CENSUS OF AGRICULTURE
Blacks and browns are the minority heading large agricultural establishments
November 29, 2019 02h00 PM | Last Updated: December 03, 2019 03h35 PM
For the first time, the Census of Agriculture investigated the color or race of the country’s more than 5 million farmers. In 2017, 52.8% were blacks and browns and 45.4% were whites, a rate similar to the population distribution in the country, according the Continuous Household Sample Survey (Continuous PNAD).
Inequality is another similarity. In this case, it reflects in the distribution of agricultural establishments. Among the producers who head the properties with around five hectares, the black and brown population is the majority, with 65% against 32.4% of whites.
As the production area increases, the proportion gets inverted: between five and 50 hectares, the white population is the majority, with 52.4% against 46.3% of blacks and browns. In agriculture establishments with 50 to a thousand hectares, 57.1% are managed by white producers, against 41.5% by black and brown producers.
In the larger areas, the disparity gets bigger. In establishments with a thousand to 10 thousand hectares, the number of white producers triplicates (74.6%) against the number of blacks and browns (23.8%). And finally, the last range se in the survey, for establishments with more than 10 thousand hectares, the proportion is of 79% of white producers against 18.9% of blacks and browns.
Quilombola communities: strong relationship between black people and land
The connection between the blacks and land goes beyond agriculture or livestock for subsistance. The quilombola communities have the territory not only as their economic base, but also as their social and cultural production. The 1988 Constitution grants them the collective territorial rights and recognizes them as part of the traditional peoples and communities. The registers are regulated by the Palmares Foundation.
The Quilombo do Ginete Remnant Community, in Barra da Estiva, Bahia, located at Chapada Diamantina, is one of those territories in which land, culture and economy live in harmony. Through the government program Brasil Quilombola, the community conquered visibility, achieving the official certificate in 2016.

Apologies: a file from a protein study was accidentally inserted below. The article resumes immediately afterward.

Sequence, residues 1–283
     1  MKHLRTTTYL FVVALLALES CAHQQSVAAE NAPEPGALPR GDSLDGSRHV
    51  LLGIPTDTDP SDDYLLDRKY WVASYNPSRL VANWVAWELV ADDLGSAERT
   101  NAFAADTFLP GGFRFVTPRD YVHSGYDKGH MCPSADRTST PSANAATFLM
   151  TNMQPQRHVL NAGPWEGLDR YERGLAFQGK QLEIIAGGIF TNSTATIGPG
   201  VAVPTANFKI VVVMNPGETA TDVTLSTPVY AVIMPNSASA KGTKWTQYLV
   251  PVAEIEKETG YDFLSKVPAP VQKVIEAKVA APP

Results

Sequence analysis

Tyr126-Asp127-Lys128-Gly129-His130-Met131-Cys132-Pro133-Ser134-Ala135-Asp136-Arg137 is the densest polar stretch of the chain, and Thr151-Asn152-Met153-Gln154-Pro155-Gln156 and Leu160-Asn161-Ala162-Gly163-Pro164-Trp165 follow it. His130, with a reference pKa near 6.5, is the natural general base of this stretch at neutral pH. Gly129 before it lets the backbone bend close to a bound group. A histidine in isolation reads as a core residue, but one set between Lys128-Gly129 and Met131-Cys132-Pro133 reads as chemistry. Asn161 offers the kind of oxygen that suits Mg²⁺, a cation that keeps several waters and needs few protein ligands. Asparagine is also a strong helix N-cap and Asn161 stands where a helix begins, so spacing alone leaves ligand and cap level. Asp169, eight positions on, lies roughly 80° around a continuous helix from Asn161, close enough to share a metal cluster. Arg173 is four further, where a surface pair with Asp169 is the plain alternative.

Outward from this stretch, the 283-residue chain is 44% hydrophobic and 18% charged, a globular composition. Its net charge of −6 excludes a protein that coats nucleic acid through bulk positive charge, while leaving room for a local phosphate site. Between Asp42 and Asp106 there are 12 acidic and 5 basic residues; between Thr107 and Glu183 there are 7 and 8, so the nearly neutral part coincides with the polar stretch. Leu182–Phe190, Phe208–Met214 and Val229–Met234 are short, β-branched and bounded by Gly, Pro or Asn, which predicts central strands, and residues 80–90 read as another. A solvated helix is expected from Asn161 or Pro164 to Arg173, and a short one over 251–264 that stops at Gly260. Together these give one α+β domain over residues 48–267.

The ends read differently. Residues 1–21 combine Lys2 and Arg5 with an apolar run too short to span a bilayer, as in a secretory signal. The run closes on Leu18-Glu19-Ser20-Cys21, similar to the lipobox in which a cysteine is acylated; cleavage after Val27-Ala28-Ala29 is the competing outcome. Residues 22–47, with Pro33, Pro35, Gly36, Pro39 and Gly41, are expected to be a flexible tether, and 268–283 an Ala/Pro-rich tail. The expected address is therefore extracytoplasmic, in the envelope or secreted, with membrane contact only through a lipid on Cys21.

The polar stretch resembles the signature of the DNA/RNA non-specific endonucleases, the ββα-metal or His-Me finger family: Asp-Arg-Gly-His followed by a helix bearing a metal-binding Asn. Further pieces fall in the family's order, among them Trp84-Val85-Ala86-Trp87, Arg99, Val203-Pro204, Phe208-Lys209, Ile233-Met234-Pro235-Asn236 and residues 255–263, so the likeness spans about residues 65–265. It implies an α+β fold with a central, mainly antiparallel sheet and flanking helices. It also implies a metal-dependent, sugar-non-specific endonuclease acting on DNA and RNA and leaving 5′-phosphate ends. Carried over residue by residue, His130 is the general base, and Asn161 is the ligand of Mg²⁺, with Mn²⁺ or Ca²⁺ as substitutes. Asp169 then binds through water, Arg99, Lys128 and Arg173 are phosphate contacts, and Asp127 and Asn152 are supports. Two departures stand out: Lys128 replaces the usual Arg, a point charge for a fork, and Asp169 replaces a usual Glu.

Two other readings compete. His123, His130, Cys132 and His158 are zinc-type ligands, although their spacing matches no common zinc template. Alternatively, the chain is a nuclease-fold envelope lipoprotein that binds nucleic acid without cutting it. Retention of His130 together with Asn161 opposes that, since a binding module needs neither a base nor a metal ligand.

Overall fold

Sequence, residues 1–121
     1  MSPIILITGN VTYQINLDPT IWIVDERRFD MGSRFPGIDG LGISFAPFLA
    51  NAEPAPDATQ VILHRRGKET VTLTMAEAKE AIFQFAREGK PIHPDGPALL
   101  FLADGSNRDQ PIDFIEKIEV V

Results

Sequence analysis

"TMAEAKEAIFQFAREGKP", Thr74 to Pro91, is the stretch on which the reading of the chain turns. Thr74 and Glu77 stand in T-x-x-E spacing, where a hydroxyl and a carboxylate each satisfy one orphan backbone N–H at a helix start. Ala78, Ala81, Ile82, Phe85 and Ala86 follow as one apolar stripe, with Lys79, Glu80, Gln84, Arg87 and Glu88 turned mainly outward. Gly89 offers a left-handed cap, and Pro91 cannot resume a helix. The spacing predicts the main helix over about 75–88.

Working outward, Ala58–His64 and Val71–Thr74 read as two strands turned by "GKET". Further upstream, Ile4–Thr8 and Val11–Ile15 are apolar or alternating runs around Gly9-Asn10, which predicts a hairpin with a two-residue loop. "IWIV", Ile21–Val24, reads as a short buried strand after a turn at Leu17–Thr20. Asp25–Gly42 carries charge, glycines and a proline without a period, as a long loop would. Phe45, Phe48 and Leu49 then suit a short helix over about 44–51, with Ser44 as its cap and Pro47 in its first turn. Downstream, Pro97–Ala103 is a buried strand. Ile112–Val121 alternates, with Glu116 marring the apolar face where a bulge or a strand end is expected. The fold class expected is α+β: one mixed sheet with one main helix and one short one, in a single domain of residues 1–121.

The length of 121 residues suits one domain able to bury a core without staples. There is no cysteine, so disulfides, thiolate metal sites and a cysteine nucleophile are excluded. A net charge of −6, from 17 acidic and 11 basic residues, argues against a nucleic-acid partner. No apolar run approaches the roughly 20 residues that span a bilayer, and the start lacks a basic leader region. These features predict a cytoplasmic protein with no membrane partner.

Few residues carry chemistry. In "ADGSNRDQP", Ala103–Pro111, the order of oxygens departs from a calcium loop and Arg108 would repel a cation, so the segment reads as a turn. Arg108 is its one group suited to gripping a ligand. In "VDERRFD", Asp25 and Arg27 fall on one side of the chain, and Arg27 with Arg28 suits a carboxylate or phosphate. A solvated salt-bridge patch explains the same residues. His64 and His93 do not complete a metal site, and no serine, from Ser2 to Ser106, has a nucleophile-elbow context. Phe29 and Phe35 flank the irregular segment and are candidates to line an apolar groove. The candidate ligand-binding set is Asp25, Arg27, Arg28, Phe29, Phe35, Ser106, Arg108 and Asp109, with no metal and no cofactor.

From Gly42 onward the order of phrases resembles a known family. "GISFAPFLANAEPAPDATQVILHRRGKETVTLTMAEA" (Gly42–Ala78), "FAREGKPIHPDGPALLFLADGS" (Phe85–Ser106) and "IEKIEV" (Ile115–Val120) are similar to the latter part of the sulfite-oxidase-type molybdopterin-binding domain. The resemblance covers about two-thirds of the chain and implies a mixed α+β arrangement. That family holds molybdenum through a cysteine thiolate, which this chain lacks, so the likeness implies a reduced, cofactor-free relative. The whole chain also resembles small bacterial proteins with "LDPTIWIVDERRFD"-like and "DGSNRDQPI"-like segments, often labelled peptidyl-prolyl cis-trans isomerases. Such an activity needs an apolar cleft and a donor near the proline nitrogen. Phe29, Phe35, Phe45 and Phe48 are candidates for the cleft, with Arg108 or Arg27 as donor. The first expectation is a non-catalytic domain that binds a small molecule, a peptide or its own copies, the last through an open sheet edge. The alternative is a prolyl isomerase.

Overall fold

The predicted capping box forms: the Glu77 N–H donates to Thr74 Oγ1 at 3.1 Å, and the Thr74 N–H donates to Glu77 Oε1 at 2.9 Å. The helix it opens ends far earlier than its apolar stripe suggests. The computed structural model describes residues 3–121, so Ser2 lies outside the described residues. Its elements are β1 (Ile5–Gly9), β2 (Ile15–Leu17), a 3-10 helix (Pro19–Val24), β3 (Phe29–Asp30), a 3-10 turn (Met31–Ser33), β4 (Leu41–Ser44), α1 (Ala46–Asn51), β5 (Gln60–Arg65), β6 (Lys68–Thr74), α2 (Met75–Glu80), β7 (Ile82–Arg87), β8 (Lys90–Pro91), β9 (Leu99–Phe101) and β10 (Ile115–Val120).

In this territory, a dozen descendants of slaved Africans grows coffee as their main activity, but also banana. Due to the terrain slope and altitude, the Quilombo do Ginete is still not able to grow other cultures. But, with the traditional techniques from former generations, the quilombolas process, roast and grind their own harvested coffee to be traded.
It is a type of livelihood that goes beyond money. “We know the importance of being here. We feel safe in our homeland. Surviving through agriculture means union and family tradition. It is preserving history” says Mr. Gilmar Pereira Alves, the association secretary and general coordinator of the community.
Mr. Alves is also the grandson of the territory founder, who was a farmer descendant of slaved Africans that left, 40 years ago, the area where today is the Quilombola of the Mulungu Community, in the municipality of Boninal, Bahia, also located at Chapada Diamantina. He settled in Ginete trying to escape from drought and famine and make a living on a piece of land for him and his family.
Nowadays, the sons, grandsons and great-grandsons farm in his piece of land, without any conflict. “He was able to buy the land and settle everyone. Today, it would be difficult to share a land and put so many people to produce”, says Mr. Alves.
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